Take Advantage of Code Analysis Tools
From Programmer 97-things
The value of testing is something that is drummed into software developers from the early stages of their programming journey. In recent years the rise of unit testing, test-driven development, and agile methods has seen a surge of interest in making the most of testing throughout all phases of the development cycle. However, testing is just one of many tools that you can use to improve the quality of code.
Back in the mists of time, when C was still a new phenomenon, CPU time and storage of any kind were at a premium. The first C compilers were mindful of this and so cut down on the number of passes through the code they made by removing some semantic analyses. This meant that the compiler checked for only a small subset of the bugs that could be detected at compile time. To compensate, Stephen Johnson wrote a tool called lint — which removes the fluff from your code — that implemented some of the static analyses that had been removed from its sister C compiler. Static analysis tools, however, gained a reputation for giving large numbers of false-positive warnings and warnings about stylistic conventions that aren't always necessary to follow.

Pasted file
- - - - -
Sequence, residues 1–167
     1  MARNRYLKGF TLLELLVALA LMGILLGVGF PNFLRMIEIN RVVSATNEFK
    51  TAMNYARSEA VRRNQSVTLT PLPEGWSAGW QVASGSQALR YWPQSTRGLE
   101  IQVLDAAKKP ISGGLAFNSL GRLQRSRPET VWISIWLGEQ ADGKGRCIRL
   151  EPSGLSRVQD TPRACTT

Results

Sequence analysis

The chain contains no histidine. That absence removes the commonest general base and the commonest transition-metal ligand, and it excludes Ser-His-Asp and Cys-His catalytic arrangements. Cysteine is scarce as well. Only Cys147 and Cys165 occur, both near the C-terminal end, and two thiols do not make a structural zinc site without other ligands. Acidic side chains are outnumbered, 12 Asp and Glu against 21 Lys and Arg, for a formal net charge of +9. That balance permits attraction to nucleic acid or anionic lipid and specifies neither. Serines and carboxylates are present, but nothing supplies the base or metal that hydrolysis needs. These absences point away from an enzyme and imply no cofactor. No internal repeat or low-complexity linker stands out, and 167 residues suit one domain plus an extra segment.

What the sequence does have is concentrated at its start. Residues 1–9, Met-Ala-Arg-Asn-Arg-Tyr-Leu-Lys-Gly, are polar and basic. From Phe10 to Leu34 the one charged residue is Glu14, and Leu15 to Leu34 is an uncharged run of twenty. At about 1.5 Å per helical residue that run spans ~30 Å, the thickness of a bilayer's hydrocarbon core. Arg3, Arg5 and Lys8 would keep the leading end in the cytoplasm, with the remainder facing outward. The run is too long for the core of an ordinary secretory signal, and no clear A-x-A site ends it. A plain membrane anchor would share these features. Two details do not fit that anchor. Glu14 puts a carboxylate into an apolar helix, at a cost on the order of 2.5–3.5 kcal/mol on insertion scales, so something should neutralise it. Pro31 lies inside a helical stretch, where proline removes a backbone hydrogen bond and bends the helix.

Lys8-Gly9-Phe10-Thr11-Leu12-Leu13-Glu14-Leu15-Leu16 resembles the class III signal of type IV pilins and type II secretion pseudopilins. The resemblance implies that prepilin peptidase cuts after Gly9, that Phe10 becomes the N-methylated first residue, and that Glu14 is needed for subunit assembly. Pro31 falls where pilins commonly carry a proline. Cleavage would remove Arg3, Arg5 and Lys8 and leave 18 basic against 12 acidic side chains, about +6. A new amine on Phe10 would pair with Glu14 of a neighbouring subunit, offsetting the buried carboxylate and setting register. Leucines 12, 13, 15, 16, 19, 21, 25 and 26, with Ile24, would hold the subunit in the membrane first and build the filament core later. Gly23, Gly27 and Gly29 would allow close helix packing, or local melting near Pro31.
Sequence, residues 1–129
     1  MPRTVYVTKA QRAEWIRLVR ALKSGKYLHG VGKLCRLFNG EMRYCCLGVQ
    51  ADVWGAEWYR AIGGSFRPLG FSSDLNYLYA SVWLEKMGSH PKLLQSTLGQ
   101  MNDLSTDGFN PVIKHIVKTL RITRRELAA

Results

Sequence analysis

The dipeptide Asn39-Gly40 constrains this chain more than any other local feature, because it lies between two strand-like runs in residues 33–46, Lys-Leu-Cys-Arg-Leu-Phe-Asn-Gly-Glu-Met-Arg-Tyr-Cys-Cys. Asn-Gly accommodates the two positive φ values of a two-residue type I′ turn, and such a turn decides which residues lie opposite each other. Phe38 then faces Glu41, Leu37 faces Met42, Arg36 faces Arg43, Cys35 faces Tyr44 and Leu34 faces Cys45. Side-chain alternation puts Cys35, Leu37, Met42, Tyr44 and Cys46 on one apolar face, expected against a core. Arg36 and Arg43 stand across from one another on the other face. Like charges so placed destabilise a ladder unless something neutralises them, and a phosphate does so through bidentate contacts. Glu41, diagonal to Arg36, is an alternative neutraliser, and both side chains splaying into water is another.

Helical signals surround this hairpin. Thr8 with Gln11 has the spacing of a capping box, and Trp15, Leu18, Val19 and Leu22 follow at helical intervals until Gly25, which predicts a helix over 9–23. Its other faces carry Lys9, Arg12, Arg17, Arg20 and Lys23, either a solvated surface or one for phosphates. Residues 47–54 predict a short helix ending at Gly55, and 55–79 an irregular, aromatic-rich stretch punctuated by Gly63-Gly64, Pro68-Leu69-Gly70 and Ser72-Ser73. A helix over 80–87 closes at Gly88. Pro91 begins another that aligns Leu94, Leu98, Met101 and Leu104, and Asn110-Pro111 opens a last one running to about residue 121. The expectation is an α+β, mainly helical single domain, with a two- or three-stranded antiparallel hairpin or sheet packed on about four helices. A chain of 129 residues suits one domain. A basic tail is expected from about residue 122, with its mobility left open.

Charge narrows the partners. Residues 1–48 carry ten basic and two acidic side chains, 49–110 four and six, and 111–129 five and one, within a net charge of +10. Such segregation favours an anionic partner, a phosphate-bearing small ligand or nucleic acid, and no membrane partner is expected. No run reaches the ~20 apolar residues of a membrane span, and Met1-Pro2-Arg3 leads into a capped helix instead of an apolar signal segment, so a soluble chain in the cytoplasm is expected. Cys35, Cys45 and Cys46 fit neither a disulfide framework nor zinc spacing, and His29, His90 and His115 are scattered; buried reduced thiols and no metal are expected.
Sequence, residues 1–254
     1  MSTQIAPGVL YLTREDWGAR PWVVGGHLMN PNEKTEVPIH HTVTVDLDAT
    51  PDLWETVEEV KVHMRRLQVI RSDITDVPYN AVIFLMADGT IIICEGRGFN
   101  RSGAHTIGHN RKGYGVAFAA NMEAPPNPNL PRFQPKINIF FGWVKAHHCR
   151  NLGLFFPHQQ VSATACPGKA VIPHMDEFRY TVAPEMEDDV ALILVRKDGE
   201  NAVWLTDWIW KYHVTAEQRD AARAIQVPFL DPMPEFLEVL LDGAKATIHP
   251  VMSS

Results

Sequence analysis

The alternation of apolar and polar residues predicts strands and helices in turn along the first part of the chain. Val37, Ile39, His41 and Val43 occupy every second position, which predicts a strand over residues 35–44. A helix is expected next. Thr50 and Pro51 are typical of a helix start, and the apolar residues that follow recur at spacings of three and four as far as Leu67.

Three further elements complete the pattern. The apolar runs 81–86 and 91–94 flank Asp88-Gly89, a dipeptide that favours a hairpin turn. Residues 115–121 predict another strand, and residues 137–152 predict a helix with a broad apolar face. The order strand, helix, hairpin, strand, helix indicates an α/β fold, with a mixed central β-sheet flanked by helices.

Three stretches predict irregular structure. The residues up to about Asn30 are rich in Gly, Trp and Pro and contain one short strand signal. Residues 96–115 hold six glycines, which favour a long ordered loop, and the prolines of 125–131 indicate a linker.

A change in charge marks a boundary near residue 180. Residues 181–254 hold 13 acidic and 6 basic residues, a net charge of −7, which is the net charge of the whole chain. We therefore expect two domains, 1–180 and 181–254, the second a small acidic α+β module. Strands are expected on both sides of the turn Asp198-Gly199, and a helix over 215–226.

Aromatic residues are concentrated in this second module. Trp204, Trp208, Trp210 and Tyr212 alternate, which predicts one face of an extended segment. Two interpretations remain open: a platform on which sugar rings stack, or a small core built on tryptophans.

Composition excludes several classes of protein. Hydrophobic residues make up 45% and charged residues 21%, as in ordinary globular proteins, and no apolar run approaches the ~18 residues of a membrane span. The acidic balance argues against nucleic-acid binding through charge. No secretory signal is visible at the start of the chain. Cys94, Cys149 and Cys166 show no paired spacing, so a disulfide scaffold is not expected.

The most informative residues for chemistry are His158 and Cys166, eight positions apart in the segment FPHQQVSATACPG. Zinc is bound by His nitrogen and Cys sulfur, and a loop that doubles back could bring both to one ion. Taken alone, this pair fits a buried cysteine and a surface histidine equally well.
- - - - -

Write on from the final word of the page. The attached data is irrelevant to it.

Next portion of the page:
The current landscape of languages, compilers, and static analysis tools is very different. Memory and CPU time are now relatively cheap, so compilers can afford to check for more errors. Almost every language boasts at least one tool that checks for violations of style guides, common gotchas, and sometimes cunning errors that can be difficult to catch, such as potential null pointer dereferences. The more sophisticated tools, such as Splint for C or Pylint for Python, are configurable, meaning that you can choose which errors and warnings the tool emits with a configuration file, via command line switches, or in your IDE. Splint will even let you annotate your code in comments to give it better hints about how your program works.
If all else fails, and you find yourself looking for simple bugs or standards violations which are not caught by your compiler, IDE, or lint tools, then you can always roll your own static checker. This is not as difficult as it might sound. Most languages, particularly ones branded dynamic, expose their abstract syntax tree and compiler tools as part of their standard library. It is well worth getting to know the dusty corners of standard libraries that are used by the development team of the language you are using, as these often contain hidden gems that are useful for static analysis and dynamic testing. For example, the Python standard library contains a disassembler which tells you the bytecode used to generate some compiled code or code object. This sounds like an obscure tool for compiler writers on the python-dev team, but it is actually surprisingly useful in everyday situations. One thing this library can disassemble is your last stack trace, giving you feedback on exactly which bytecode instruction threw the last uncaught exception.
So, don't let testing be the end of your quality assurance — take advantage of analysis tools and don't be afraid to roll your own.
By Sarah Mount
This work is licensed under a Creative Commons Attribution 3